A house has been on the market about 3 weeks and has had 3 open viewings. The house is at the very top of our price range. We made an offer a week ago, at the asking price. No other offers have been received, but the EA tells us the seller wants a good chunk more than the asking.
Is this common? What’s the point of the asking then?!? We aren’t quite ready to walk away but by this time next week we will be. Don’t suppose there’s anything else we can do other than sit tight?
A work colleague put a bid in on a house just before Xmas. The asking was right on their limit so they rang the EA and they said they were welcome to put a bid on at the asking as he had no bids, but he felt the house would go for more. The house went sale agreed at some point so they thought that it was gone - they got a call from the EA two weeks ago asking were they still interested and could they increase their bid. They said they were still interested but couldn’t increase their bid. They’re now in a bit of a quandary because (a) they’re worried that there is something wrong with the house (b) they have saved another few grand and so could increase their bid but don’t want to be played for fools. They’ve decided to sit tight on the basis that if they come back to them they can get a survey done and check out (a), hopefully without having to do (b). So, in essence, I think it’s worth making a bid on the asking no matter how much the EA sneers at you!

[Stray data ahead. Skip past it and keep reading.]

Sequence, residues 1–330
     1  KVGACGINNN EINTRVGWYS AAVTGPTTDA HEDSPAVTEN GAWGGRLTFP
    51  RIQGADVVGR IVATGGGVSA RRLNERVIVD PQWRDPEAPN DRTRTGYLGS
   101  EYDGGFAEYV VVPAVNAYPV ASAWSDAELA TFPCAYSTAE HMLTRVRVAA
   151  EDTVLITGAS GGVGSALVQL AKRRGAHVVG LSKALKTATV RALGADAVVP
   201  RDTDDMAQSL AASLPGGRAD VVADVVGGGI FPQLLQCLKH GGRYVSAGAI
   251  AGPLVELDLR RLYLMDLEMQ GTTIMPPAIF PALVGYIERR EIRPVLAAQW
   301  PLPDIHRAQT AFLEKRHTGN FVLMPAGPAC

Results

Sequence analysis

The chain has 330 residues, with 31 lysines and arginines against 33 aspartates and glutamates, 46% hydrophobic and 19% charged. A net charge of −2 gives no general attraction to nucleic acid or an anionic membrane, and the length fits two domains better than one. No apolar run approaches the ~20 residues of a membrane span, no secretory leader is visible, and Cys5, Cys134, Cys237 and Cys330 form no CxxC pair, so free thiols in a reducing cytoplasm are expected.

It was on the news earlier that property rentals across the country are at an all time high, the most amount of properties being rented since records began. There simply couldn’t be a bigger indicator that most people now would rather rent than buy, which means only one thing: most people see property prices falling significantly in the years ahead and are happy to wait until they find fair value. In such circumstances, no one should be offering 20% below asking when 30 or even 40% below will generate the same level of pushback from vendors.
I’m not sure I buy that inference, though I wish it were true. Is it not the case that house prices are at multiples of incomes that lenders are prevented from lending by CB rules. With most people priced out of the market they are forced to rent, even though the increased demand has pushed rental costs higher than a mortgage would cost. Bottom line: they are not renting out of personal preference.
Agree, I think it’s “forced”* to rent rather than choosing
Rents are ridiculously high, so people would rather buy then be subject to the wild west that is the Irish rental market. Also the Irish obsession with owning (insert famine reference here) has in no way gone away. And has probably been reinforced over the last few years of double digit rises in rents